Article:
Home Knowledge Central Bank of Ireland Publishes its First 2022 Newsletter for Insurance Intermediaries

Central Bank of Ireland Publishes its First 2022 Newsletter for Insurance Intermediaries


In June, the Central Bank of Ireland (Central Bank) published the first edition of its Intermediary Times newsletter for 2022 (Newsletter).  The Newsletter highlights recent regulatory developments and issues of concern for all retail intermediaries, including (re)insurance intermediaries (Intermediaries). This article provides a short summary of four key takeaways for Intermediaries. 

1. New Authorisations – Fitness and Probity Assessment

In the context of new authorisations of Intermediaries, the Central Bank laments that it increasingly finds that some candidates for Pre-Approval Controlled Functions (PCFs) proposed by applicant firms cannot demonstrate how they meet the Central Bank’s Fitness and Probity Standards. The Central Bank’s Authorisations Team has provided feedback on common issues that arise, and sets out some useful general points for applicant firms. 

The two most common issues identified with PCF candidates are:

  1. not meeting the requirements of the Minimum Competency Code 2017 (MCC); and/or
  2. not meeting certain aspects of the Fitness and Probity Standards. 

The Central Bank points out that a common misconception is that the MCC only applies to persons providing advice to consumers; however, there are other circumstances in which the MCC applies. It is also worth noting that the Central Bank emphasises the importance of practical experience in relevant financial services and being MCC compliant. 

It is welcome that the Central Bank indicates that it will be trialling engagement with prospective applicants for Intermediary Authorisation by webinar in the coming months to give tips on completing an application and highlighting some common errors.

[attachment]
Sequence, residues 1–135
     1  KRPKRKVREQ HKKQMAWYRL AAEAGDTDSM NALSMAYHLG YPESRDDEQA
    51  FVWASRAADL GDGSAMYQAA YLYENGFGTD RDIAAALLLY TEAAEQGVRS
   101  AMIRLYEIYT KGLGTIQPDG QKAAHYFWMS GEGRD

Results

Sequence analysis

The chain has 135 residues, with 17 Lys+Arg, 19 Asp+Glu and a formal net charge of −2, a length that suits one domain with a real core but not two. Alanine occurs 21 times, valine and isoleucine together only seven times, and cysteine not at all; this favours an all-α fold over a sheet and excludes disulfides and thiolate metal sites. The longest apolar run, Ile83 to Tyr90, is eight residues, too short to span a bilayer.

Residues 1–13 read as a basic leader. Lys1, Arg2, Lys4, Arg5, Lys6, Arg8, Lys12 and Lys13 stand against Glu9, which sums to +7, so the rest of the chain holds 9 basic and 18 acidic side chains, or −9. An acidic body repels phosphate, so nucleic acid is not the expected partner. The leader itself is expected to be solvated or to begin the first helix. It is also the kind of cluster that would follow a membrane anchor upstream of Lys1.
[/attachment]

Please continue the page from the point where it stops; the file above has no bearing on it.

2. Changes to PCF Lists 

Continuing its focus on the Fitness and Probity theme, the Central Bank highlights the new Fitness & Probity Regulations, in effect from 5 April 2022, that create new PCF roles and amend existing ones. Intermediaries must review their compliance records to ensure that these changes to the PCF regime are incorporated.  The main changes relevant to Intermediaries are as follows: 

  • PCF-2 PCF-2 is split into: PCF-2A Non-Executive Directors and PCF-2B Independent Non-Executive
  • PCF-3, PCF-4, PCF-5, PCF-6, PCF-7 PCF-3 to PCF-7 renamed ‘Chairman’ to ‘Chair’
  • PCF-15 PCF-15 (Head of Compliance with responsibility for AML and CFT) removed
  • PCF-16 PCF-16 (branch manager in other EEA countries) expanded to include branch managers in non-EEA countries
  • PCF-52 New PCF-52 (Head of Anti-Money Laundering and Counter Terrorist Financing Compliance) introduced 

3. Use of Exempt Ancillary Insurance Intermediaries in the Insurance Sector

The Central Banks also reports on its recent Exempt Ancillary Insurance Intermediaries (EAIIs) review. It explains that the review focused on understanding the extent to which EAIIs are used in the distribution of insurance products in the Irish market and the degree of oversight that insurers and intermediaries subject them to, and whether legislative requirements are met. The Central Bank observed that the main product lines distributed via the EAII channel are travel insurance, motor products, gadget, and accidental damage insurance. Arising from its review, the Central Bank highlights a number of areas where oversight of EAIIs should be improved, including:

  1. Remuneration arrangements between firms and EAIIs;
  2. Recording of reasons for cancellation of policies; 
  3. Inadequate procedures. 

4. Consumer Protection Outlook Report 2022

The Central Bank encourages all Intermediaries to consider the recent Consumer Protection Outlook Report 2022 (CPOR), which it published in March. The CPOR identifies the main cross-sectoral risks facing consumers of financial services and it urges Intermediaries to take specific action to identify, mitigate and manage these risks in their businesses. The risks identified are: 

  • Poor business practices and weak business processes;
  • Ineffective disclosures to consumers;
  • The changing operational landscape;
  • Technology-driven risks to consumer protection;
  • The impact of shifting business models and innovation. 

If you would like to discuss any of the above topics, please contact a member of the Insurance Department or your usual William Fry contact.


Contributed by India Delaney & Catherine Carrigy